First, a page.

The Gift of St. Petersburg Ballet
Aspiring dancers from around the world have gathered in the city for two weeks of tuition by Russia’s best.
Published: August 1, 2013 (Issue # 1771)
“The soul needs to shine through – during the whole class,” said Ludmila Safronova, former student of Agrippina Vaganova and renowned teacher from the Vaganova Academy. In a Jacobson Ballet Theatre studio on Ulitsa Mayakovskogo, two dozen students from around the world looked on in awe as she demonstrated an exercise. Petite and seemingly frail at 84, at the barre she becomes the embodiment of the St. Petersburg ballet tradition, her feet tightly crossed in a textbook fifth position.
The class was part of the very first international summer program for ballet students to be held in St. Petersburg. The two-week “intensive,” which runs through August 4, is the brainchild of former dancers Ekaterina Shchelkanova and Anton Boytsov, the couple behind the Open World Dance Foundation. Since July 22, young dancers aged 10 to 23 have been dancing up to seven hours a day, with technique, repertoire and character dance classes taught by an impressive roster of teachers steeped in the Vaganova style, the school of training that advocates flowing, lyrical arms and a refined expressiveness that has set the Mariinsky Ballet apart for decades.
Companies and schools across the USA and Europe have long held such short programs, which meet a basic need for young pre-professional dancers: To keep exercising during the summer when most year-round programs are closed for business. “Our school didn’t have anything like this, sadly,” said Shchelkanova. “I was born and grew up here so I wanted to share not only the city and its history with people, but also my teachers, like Safronova.”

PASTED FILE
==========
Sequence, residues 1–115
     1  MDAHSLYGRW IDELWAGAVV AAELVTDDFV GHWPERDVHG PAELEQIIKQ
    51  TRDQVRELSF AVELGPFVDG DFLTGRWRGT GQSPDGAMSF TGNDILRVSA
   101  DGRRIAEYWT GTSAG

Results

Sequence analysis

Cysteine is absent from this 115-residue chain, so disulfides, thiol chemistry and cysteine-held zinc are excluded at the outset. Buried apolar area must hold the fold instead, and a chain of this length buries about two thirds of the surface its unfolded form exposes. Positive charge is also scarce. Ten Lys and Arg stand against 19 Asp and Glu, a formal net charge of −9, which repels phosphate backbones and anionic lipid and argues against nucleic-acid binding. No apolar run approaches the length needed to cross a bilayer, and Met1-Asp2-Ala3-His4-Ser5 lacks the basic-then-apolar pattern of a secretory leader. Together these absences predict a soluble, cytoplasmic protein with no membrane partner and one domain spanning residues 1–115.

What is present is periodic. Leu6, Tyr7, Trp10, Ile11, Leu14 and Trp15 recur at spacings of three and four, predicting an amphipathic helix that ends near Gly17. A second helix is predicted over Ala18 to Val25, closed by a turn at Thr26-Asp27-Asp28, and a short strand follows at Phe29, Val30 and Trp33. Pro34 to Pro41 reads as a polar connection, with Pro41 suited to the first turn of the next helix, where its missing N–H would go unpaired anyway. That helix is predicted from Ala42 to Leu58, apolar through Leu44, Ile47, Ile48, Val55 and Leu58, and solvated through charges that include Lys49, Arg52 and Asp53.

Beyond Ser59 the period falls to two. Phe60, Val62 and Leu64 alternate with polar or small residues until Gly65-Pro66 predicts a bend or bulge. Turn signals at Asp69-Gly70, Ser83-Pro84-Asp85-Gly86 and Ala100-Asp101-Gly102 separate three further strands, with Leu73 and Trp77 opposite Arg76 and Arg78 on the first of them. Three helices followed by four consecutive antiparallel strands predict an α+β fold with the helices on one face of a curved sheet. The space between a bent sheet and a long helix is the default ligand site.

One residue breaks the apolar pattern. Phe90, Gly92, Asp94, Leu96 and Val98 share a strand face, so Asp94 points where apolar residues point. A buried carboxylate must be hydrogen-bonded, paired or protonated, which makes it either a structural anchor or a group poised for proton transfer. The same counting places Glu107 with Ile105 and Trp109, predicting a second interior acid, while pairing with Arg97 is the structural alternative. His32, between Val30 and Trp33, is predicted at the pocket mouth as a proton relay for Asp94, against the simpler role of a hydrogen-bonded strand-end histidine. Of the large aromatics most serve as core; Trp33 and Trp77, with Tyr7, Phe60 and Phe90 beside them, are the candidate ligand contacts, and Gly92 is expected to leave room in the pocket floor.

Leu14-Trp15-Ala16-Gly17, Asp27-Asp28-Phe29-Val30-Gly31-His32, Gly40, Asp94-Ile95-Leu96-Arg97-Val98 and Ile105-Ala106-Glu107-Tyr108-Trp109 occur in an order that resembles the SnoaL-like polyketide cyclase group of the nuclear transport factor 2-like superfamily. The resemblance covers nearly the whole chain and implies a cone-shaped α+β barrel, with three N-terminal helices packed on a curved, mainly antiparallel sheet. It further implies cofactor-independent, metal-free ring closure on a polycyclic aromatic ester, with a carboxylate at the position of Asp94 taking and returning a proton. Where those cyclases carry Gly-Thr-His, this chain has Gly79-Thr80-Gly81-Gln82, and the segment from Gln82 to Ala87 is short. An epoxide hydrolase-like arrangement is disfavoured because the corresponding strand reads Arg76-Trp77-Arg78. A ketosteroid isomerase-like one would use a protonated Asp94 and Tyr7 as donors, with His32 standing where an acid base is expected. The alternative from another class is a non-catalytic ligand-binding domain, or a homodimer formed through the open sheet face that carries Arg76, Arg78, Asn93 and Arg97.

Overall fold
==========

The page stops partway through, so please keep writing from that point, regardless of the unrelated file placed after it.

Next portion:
Safronova oversaw Shchelkanova’s training at the Vaganova Academy in the 1980s, and the former pupil went on to an illustrious career: Upon graduation, she was hired as a soloist by the Mariinsky Ballet and later joined American Ballet Theatre in New York, dancing in the film Chicago as well as on Broadway in the early 2000s.
For Shchelkanova, the Open World Dance Foundation has been a labor of love. International projects such as the intensive are a continuation of her first and most pressing goal: To help Russian orphans through contact with dance and the arts. Several million children are estimated to live in orphanages in Russia, and more than 120,000 in St. Petersburg alone, a record for a city. The idea came about when Shchelkanova visited a local orphanage in 2010 and realized that in that environment, even talented children were denied the opportunity to pursue an artistic education.
Three years later, the results speak for themselves. The Foundation has provided training for local dance instructors who teach in orphanages, held master classes and a benefit in New York and, most importantly, helped a few talented children on the path to realize their dreams by providing training and mentoring.
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